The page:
borrowed from French fusée
"mass of thread around a spindle, explosive fuse, rocket, fusee in a timepiece," going back to Old French fusee
"mass of thread around a spindle," from fus
"spindle" (going back to Latin fūsus,
of obscure origin) + -ee,
suffix of association or containment, going back to Late Latin -āta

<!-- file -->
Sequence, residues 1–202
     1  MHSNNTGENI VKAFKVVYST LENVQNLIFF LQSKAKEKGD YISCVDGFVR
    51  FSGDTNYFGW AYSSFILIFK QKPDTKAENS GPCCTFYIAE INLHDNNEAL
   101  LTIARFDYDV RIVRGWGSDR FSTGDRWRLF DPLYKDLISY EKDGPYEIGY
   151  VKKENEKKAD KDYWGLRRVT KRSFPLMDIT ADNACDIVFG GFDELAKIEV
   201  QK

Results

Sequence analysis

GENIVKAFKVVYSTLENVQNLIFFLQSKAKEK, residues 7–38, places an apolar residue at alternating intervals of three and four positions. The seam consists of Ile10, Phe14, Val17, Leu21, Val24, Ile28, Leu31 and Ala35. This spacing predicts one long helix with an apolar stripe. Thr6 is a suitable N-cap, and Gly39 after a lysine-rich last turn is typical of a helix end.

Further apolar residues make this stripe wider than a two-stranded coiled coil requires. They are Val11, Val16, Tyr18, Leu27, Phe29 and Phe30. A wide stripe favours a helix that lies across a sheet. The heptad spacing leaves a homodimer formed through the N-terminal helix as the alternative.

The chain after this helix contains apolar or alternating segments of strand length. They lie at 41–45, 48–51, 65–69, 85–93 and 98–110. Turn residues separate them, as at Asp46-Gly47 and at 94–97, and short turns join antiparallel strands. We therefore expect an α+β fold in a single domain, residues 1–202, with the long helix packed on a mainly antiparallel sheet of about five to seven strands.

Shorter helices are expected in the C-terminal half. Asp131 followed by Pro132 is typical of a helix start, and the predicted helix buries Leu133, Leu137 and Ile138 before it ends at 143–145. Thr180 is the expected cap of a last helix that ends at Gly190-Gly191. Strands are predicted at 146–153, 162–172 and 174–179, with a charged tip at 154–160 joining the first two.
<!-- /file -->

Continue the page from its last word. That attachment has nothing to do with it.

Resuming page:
(going back to Latin, feminine of -ātus 3-ate
In the later Middle Ages, French fusée designated a kind of rudimentary gunpowder-filled projectile, apparently resembling thread wound around a spindle—hence the later application to fuses, fireworks, etc.